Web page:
Brazilian Carnival

carnival

Brazilian Carnival is an annual festival held in Brazil that dates back to the 1800’s. The carnival starts the Friday before Ash Wednesday and concludes at noon on Ash Wednesday. It is a celebration of excess and indulgence before lent begins. The celebration includes parades, extravagant costumes, floats, dancing, live music, food and drinks, and live performances in the street. The music heard playing in the streets is Samba. Rio de Janeiro has the most famous Brazilian Carnival celebration but it is celebrated throughout Brazil, with each state having a different version of the Carnival.

Blocos, or groups of people from different neighborhoods in the same costuming, are a major part of Brazilian Carnival in Rio. They march through the streets playing music and dancing. Samba schools compete during Carnival and one school is named the top Samba school. They play what is known as marchinhas.

Bahia style Brazilian Carnival is very similar to Rio. However, they have a different style of Samba which is more African influenced and has an almost Reggae sound. They also have a more western influence and some groups will dress as Native Americans. This Carnival is highly influenced by Reggae and Western culture.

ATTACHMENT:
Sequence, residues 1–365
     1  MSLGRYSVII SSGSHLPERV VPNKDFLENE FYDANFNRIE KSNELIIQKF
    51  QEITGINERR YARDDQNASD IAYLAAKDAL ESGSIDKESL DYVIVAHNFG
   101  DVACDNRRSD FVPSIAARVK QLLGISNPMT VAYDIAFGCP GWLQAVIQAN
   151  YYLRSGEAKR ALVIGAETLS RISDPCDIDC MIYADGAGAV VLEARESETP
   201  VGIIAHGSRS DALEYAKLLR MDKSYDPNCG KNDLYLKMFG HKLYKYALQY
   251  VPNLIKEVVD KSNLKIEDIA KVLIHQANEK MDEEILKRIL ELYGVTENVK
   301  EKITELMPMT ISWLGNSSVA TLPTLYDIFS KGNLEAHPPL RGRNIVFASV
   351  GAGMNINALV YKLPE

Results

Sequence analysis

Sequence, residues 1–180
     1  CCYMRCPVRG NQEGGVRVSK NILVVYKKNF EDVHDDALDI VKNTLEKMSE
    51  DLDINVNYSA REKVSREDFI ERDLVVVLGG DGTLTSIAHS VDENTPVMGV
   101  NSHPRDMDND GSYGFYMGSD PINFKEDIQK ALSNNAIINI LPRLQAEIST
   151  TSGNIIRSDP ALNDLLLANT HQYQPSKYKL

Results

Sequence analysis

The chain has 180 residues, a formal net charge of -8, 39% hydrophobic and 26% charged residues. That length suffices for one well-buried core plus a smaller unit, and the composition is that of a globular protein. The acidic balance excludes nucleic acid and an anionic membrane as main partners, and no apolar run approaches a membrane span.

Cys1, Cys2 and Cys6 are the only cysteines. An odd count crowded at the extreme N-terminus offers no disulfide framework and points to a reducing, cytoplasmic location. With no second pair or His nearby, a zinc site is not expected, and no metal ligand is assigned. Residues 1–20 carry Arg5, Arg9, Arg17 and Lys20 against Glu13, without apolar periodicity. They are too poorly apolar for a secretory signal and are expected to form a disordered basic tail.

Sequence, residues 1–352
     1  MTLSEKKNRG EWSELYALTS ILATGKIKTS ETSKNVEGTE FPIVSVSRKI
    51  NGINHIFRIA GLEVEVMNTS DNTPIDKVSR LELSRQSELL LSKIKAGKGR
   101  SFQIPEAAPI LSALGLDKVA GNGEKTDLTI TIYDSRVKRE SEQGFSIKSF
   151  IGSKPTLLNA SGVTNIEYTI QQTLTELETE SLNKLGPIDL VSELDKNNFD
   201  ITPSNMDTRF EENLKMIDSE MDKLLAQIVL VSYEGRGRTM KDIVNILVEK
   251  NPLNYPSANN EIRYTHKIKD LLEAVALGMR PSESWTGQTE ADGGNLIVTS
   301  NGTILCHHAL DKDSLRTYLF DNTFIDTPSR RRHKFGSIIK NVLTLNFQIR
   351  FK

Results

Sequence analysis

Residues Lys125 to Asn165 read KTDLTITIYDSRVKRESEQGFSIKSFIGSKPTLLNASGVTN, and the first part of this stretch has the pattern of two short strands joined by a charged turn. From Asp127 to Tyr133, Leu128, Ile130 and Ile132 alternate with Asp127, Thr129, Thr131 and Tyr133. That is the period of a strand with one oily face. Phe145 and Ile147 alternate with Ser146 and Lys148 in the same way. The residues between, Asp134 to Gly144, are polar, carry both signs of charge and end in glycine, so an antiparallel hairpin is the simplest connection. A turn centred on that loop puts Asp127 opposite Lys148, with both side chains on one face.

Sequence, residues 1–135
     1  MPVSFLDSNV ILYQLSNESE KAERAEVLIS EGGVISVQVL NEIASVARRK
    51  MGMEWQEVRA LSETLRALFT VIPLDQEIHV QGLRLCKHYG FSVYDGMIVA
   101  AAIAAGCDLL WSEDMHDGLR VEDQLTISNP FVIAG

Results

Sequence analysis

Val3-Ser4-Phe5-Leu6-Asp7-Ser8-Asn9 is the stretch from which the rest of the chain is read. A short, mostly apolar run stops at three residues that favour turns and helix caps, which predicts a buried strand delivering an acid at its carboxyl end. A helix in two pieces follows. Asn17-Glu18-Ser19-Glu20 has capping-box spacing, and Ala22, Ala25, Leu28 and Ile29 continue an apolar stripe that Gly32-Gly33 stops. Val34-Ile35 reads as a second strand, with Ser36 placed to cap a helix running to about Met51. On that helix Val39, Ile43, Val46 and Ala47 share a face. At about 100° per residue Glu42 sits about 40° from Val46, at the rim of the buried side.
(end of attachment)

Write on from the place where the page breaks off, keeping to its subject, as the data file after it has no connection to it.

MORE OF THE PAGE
Pernambuco has a big difference from the previous two. They only have parades in the morning. Pernambuco also differs in the fact that they do not have competitions. Brazilian Carnival here is more unified with everyone dancing and singing in the streets as one.

 

Sao Paulo Brazilian Carnival also has a similar feel to Rio and Bahia. The Samba schools here compete in a giant parade as well, however each school has a different theme. The school chooses a historical theme and represents the theme through music, dance, costumes and parade floats.

The Brazilian states welcome tourists for Brazilian Carnival. Nearly a million tourists flock to Brazil each year to experience this one of a kind celebration. The Carnival might appear to be only a party to those outside of Brazil but this is actually a very important tradition and celebration of Brazilian culture and heritage.